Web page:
Trash crews worried about hazardous meth waste

CLEVELAND - Some volunteers are refusing to pick up litter along Ohio's roads because of hazardous waste from methamphetamine labs.

The residue from making the illegal drug -- found on discarded containers such as paint thinner cans, milk jugs and antifreeze bottles -- can burn skin and damage lungs. The drug itself can be absorbed through the skin by simple contact.

Authorities found more than 100 collections of meth lab refuse in ditches and woods across the state last year. Few people have been hurt, but roadside cleanup crews are concerned.

About 1,400 volunteer groups are participating in Ohio's Adopt-a-Highway program this year, down 100 from last year.

In northeast Ohio's Summit County, where police have found the state's highest number of meth labs, 4-H Club leaders are steering children away from the cleanup project. Only one of more than 60 4-H Clubs in Medina County, south of Cleveland, is considering the task this spring.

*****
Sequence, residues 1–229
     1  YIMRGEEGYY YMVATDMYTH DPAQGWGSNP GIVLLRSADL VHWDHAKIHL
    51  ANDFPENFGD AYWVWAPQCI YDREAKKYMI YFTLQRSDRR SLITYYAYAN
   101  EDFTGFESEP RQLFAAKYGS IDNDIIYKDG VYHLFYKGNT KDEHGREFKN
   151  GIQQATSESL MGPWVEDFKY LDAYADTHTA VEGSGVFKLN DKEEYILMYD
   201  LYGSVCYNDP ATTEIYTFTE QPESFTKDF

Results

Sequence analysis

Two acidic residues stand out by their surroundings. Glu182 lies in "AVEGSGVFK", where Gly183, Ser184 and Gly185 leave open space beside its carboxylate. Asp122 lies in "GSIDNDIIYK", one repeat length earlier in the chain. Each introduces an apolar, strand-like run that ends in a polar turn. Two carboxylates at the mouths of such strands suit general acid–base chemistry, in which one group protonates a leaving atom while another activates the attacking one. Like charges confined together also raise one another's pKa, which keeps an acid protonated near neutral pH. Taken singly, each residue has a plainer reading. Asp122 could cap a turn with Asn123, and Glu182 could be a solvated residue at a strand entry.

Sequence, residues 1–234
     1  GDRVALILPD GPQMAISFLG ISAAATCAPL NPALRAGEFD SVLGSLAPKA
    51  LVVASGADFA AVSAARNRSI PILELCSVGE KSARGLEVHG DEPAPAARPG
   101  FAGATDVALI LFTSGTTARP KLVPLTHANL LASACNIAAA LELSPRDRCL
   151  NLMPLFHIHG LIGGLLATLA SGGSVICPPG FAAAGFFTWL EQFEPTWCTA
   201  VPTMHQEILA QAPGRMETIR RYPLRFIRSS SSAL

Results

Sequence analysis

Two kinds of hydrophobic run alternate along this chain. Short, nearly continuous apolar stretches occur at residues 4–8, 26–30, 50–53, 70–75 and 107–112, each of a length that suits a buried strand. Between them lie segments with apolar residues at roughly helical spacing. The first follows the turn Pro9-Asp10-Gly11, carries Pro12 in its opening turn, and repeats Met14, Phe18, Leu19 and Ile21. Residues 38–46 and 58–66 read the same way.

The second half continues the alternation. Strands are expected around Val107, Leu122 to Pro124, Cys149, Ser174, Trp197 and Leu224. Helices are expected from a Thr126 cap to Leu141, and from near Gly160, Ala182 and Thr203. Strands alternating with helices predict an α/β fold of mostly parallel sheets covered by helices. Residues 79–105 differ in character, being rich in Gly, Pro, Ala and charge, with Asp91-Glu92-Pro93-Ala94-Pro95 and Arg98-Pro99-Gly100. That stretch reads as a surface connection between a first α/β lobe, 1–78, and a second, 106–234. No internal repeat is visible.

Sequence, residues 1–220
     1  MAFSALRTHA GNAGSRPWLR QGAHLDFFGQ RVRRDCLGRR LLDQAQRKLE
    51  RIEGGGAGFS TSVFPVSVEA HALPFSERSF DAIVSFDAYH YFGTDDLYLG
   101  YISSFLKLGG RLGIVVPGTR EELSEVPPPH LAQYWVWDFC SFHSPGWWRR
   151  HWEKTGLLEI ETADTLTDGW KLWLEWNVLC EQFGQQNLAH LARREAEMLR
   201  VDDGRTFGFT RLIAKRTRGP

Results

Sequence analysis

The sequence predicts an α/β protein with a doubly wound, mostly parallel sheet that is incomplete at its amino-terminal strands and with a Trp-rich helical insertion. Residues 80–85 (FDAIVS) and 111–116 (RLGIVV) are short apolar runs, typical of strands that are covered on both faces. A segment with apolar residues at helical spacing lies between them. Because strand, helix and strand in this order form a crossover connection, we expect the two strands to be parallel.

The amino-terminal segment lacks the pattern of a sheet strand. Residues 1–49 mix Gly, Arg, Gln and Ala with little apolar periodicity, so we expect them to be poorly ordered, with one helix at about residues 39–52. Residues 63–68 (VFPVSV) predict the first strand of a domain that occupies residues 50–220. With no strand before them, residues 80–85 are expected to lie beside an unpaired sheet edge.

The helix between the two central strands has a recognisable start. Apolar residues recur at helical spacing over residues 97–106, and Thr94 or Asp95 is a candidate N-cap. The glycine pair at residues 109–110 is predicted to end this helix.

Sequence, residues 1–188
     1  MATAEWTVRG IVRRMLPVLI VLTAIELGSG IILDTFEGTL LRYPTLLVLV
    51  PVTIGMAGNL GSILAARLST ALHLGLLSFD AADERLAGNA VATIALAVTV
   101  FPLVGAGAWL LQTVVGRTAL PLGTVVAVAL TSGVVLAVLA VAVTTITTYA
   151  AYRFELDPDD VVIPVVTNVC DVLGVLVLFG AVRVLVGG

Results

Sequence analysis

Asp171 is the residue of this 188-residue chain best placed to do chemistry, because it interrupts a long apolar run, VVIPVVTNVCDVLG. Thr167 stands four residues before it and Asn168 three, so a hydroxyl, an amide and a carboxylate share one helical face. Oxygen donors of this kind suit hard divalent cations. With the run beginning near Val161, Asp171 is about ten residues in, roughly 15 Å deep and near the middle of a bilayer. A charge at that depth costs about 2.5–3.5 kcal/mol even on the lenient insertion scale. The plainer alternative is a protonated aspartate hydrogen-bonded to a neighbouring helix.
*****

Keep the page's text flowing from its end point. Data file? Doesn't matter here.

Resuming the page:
"We want kids to do community service, but if it's going to be a health hazard, we just can't," said Lisa Wittenauer, director of Medina County's 4-H program.

Meth-related accidents are spread across Ohio. Two teenagers were treated for burns on their arms and legs after picking up a box of chemicals from a meth lab dumped near a roadside in Scioto County in southern Ohio, and a farm pond near Columbus was contaminated last year when someone dumped meth litter into it.

In 2004, the state Department of Natural Resources estimated that an average 11,772 tons of trash ends up on Ohio roadways and interchanges each year. About a fifth of it consists of containers that meth makers sometimes use to store their chemicals.

Law enforcement and the national litter prevention group Keep America Beautiful warn of telltale signs of litter from meth labs: bottles with hoses attached, often stored in picnic coolers; propane tanks tinged blue or blue green from holding severely caustic anhydrous ammonia, a fertilizer ingredient used to make meth; large amounts of matches, surgical masks and cold medicine; and coffee filters covered with a white paste.

"Would I be worried if one of my children were to go out and pick up trash? Absolutely," said Donna Stusek, the DNR's retired deputy chief for recycling and litter prevention.

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